Mathematics Stack Exchange is a question and answer site for people studying math at any level and professionals in related fields. It's 100% free, no registration required.

Sign up
Here's how it works:
  1. Anybody can ask a question
  2. Anybody can answer
  3. The best answers are voted up and rise to the top

$$\lim_{x\rightarrow a}\frac{f(x)-f(a)}{x-a} = \lim_{x\rightarrow a} f'(c_x) = \lim_{c_x\rightarrow a} f'(c_x)$$

Where $f:\mathbb{R}\rightarrow \mathbb{R}$, and $c_x$ is some value between $x$ and $a$ by the mean value theorem.

  1. How do you rigorously show that as $x\rightarrow a$, then $c_x\rightarrow a$ because it is always between $x$ and $a$? Something like $|x-a|<\delta \Rightarrow |c_x-a|<\delta$? I feel that just switching $c_x$ for $x$ above is kind of non-rigorous (or completely incorrect).
  2. I think my use of $c_x$ is nonstandard; I am trying to express dependence on $x$. Is there a better way to write what I have written above?

Thank you in advance!

share|cite|improve this question
up vote 1 down vote accepted
  1. Yes, it suffices to say that $c_x$ is between $a$ and $x$. Although I'm not sure what you mean by "switching $c_x$ for $x$". If you want a very detailed proof that $c_x\to a$ as $x\to a$, here goes: take some $\epsilon>0$, and then $\delta=\epsilon$; if $|x-a|<\delta$, then $|c_x-a|<\epsilon$, as you noted yourself. There, done.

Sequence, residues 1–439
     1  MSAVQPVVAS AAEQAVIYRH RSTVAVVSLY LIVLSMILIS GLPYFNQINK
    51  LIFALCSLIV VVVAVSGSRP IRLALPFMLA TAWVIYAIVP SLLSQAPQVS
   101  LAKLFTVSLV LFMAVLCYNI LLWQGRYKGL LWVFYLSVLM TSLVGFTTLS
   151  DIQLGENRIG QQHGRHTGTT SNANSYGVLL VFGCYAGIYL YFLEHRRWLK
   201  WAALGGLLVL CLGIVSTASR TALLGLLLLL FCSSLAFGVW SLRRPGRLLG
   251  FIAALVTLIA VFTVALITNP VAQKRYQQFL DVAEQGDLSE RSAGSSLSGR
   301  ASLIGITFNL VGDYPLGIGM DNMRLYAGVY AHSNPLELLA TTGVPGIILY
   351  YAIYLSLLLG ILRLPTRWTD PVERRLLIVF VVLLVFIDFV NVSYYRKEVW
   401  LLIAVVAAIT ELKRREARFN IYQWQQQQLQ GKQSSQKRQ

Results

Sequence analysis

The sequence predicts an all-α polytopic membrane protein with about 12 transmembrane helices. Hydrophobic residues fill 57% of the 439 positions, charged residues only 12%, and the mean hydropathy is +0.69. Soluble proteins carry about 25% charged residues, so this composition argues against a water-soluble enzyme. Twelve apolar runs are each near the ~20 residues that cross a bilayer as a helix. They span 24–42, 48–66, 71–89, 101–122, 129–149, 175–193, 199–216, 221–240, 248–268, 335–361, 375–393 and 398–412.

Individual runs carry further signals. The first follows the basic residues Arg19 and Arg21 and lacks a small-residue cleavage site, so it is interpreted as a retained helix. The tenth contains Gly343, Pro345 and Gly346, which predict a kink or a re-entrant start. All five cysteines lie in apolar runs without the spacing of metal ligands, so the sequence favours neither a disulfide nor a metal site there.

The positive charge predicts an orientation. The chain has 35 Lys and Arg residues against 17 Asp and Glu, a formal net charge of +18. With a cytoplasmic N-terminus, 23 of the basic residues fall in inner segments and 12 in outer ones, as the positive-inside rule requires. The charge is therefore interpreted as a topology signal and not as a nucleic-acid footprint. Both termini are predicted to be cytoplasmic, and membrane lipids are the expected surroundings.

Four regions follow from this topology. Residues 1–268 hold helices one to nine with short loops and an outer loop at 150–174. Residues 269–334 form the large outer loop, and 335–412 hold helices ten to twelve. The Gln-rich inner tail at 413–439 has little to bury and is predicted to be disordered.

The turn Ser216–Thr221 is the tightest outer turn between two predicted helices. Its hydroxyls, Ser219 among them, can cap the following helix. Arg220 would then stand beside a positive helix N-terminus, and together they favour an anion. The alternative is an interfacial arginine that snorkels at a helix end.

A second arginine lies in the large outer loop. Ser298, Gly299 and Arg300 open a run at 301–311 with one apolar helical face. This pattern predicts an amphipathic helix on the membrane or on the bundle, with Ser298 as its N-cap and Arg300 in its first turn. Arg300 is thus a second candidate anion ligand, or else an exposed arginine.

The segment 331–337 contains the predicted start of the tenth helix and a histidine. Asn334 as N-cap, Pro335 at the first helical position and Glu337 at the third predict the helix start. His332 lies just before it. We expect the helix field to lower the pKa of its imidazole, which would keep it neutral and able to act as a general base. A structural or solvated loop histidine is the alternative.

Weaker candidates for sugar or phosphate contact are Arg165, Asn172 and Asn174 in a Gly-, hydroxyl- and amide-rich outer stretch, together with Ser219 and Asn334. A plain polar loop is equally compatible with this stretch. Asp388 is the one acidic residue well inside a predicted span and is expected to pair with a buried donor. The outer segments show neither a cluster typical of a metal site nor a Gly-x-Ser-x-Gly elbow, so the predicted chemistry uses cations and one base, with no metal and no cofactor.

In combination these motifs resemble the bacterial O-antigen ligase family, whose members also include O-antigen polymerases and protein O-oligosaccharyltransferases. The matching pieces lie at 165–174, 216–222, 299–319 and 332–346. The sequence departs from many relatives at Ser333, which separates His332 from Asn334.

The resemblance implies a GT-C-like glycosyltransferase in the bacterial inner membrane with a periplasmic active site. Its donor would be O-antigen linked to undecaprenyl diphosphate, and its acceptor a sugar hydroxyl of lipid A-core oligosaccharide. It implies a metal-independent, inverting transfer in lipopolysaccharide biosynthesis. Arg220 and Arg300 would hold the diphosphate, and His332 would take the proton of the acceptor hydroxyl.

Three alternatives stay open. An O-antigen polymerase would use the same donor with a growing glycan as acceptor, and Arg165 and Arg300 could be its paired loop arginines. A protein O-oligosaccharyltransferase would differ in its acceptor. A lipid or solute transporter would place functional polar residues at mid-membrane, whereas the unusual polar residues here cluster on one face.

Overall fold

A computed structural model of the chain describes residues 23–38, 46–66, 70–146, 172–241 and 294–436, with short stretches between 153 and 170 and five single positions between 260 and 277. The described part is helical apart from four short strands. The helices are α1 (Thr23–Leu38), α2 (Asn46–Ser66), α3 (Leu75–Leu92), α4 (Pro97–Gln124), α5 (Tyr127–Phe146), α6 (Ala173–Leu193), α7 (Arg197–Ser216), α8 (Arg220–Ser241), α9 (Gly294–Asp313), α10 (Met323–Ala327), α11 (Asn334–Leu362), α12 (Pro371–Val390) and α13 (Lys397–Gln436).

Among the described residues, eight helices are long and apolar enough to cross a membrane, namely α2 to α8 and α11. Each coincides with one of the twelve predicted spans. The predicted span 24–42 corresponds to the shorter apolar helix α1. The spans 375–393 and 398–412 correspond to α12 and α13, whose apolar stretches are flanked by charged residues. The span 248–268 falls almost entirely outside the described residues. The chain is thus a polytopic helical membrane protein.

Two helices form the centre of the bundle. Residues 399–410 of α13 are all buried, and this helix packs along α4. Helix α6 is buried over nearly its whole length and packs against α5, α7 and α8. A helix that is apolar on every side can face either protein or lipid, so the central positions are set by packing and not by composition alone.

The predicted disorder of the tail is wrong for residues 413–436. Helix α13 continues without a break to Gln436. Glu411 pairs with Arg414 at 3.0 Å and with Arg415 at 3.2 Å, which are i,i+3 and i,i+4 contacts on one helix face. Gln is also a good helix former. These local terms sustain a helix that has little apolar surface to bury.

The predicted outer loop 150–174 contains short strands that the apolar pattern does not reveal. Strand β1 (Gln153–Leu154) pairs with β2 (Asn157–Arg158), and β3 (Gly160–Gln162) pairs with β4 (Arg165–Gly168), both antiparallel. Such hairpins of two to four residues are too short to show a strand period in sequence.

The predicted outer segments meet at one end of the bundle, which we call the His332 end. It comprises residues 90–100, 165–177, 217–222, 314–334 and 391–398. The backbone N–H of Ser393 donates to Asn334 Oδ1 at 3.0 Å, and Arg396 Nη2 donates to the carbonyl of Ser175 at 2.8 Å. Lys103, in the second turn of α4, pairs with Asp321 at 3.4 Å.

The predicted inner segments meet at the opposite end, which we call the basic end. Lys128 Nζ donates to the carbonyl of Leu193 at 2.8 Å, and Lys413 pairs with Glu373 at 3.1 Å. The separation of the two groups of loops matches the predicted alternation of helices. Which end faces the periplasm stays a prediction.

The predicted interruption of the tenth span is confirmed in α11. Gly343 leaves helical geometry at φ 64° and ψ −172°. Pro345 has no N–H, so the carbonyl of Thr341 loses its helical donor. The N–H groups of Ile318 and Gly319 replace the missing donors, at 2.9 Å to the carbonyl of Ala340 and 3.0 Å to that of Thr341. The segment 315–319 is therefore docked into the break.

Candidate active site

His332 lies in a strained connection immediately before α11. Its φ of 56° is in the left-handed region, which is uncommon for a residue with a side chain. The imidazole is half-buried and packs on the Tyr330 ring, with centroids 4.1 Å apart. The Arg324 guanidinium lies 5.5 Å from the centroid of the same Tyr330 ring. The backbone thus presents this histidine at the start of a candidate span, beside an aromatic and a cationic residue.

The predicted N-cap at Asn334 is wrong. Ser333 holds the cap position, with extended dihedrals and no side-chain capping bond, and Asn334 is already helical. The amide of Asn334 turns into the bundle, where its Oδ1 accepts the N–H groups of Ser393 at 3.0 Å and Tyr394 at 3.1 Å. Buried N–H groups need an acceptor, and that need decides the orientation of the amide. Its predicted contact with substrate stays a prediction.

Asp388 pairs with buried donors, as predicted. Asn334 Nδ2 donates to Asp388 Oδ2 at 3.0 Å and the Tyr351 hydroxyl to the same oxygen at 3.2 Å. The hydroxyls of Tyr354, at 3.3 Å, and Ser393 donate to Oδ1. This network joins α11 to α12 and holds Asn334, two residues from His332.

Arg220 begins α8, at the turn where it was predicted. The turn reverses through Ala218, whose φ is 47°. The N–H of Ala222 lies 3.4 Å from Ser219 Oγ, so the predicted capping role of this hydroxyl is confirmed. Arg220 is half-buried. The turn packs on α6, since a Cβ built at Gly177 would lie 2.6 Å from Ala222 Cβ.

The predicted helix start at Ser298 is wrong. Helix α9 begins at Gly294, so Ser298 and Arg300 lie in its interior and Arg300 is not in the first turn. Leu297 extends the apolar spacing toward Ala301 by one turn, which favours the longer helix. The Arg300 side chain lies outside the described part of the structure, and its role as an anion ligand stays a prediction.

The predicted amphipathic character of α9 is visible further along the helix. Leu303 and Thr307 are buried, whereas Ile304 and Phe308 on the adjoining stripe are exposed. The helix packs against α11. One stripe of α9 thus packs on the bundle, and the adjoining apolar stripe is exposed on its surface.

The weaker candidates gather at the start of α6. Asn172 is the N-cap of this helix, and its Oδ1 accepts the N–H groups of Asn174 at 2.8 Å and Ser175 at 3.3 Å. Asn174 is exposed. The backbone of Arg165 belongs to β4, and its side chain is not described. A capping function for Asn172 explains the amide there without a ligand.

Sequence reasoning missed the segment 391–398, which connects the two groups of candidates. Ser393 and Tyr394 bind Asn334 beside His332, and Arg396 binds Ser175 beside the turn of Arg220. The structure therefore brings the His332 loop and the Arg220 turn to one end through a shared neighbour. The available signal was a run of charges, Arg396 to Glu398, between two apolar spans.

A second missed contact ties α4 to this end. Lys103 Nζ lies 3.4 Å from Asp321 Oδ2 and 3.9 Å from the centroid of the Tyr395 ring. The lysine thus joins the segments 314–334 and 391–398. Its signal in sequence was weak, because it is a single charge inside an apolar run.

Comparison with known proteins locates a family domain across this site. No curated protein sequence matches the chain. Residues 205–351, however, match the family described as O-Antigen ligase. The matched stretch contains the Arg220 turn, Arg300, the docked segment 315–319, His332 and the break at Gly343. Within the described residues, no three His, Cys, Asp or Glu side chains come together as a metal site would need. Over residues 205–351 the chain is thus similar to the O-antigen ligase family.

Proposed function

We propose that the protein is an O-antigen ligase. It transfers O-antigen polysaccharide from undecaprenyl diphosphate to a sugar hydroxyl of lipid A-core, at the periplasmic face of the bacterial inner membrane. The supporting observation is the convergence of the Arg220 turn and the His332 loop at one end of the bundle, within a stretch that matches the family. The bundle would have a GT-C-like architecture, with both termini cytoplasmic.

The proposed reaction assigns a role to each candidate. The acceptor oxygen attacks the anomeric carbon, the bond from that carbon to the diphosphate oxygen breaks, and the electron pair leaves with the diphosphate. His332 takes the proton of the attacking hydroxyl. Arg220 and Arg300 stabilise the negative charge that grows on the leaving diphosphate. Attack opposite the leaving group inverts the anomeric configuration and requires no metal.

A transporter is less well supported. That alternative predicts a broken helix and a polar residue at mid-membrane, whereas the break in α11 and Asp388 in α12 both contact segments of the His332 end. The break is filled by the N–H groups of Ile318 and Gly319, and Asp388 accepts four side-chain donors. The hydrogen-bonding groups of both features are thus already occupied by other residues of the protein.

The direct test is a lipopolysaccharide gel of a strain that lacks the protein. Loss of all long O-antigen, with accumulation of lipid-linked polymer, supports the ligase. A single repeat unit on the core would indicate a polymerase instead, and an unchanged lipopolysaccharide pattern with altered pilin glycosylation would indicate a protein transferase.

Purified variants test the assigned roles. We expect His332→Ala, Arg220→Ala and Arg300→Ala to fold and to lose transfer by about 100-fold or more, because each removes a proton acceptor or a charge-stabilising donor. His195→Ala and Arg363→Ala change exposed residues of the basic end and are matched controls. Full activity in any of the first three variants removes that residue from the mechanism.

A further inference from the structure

Another way, without epsilons: you always have $0\leq|c_x-a|\leq|x-a|$; then $|x-a|\to0$ as $x\to a$, and there's a standard theorem that says that in that case, $|c_x-a|\to0$ as well, which is the same as saying that $c_x\to a$.

  2. I don't see any problem with your notation. The $x$ index in $c_x$ makes it quite clear that it depends on $x$.

share|cite|improve this answer

I take it that you want to rigorously prove the first statement and you're stuck at the specified step? I would go about doing this as follows:

There exists some $L$ such that given any $\epsilon > 0$ we see that there exists some $\delta > 0$ such that $$0 < |c_x - a| < \delta \Longrightarrow |f'(c_x) - L| < \epsilon$$ However, because $a < c_x < x$ we see that $$0 < |x - a| < \delta \Longrightarrow |c_x - a| < \delta$$ Putting these two statements together, we get $$0 < |x - a| < \delta \Longrightarrow |f'(c_x) - L| < \epsilon$$ However, if by the mean value theorem, we see that $$\frac{f(x) - f(a)}{x - a} = f'(c_x) \text { for all } x$$ So we can conclude that $L = \lim_{x \to a} \frac{f(x) - f(a)}{x - a} = \lim_{c_x \to a} f'(c_x)$. But $\lim_{x \to a} \frac{f(x) - f(a)}{x - a} = f'(a)$, so we see that $\lim_{c_x \to a} f'(c_x) = f'(a)$.

P.S. This is Theorem 7, Ch. 11 of M. Spivak's Calculus if you own a copy.

share|cite|improve this answer

Your Answer


By posting your answer, you agree to the privacy policy and terms of service.

Not the answer you're looking for? Browse other questions tagged or ask your own question.